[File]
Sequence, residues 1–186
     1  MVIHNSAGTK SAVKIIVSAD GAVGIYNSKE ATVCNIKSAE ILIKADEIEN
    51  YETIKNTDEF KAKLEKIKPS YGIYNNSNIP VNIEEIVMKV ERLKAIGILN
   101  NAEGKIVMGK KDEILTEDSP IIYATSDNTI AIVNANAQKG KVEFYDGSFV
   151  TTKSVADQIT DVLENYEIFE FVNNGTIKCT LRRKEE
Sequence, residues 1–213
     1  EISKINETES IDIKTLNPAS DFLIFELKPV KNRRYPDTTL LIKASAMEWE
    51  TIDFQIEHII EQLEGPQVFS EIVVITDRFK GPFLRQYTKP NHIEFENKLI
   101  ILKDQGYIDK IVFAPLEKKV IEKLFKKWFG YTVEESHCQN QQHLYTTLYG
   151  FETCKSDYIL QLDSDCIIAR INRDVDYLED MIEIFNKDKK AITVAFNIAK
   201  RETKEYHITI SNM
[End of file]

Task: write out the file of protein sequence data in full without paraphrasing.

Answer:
Sequence, residues 1–186
     1  MVIHNSAGTK SAVKIIVSAD GAVGIYNSKE ATVCNIKSAE ILIKADEIEN
    51  YETIKNTDEF KAKLEKIKPS YGIYNNSNIP VNIEEIVMKV ERLKAIGILN
   101  NAEGKIVMGK KDEILTEDSP IIYATSDNTI AIVNANAQKG KVEFYDGSFV
   151  TTKSVADQIT DVLENYEIFE FVNNGTIKCT LRRKEE
Sequence, residues 1–213
     1  EISKINETES IDIKTLNPAS DFLIFELKPV KNRRYPDTTL LIKASAMEWE
    51  TIDFQIEHII EQLEGPQVFS EIVVITDRFK GPFLRQYTKP NHIEFENKLI
   101  ILKDQGYIDK IVFAPLEKKV IEKLFKKWFG YTVEESHCQN QQHLYTTLYG
   151  FETCKSDYIL QLDSDCIIAR INRDVDYLED MIEIFNKDKK AITVAFNIAK
   201  RETKEYHITI SNM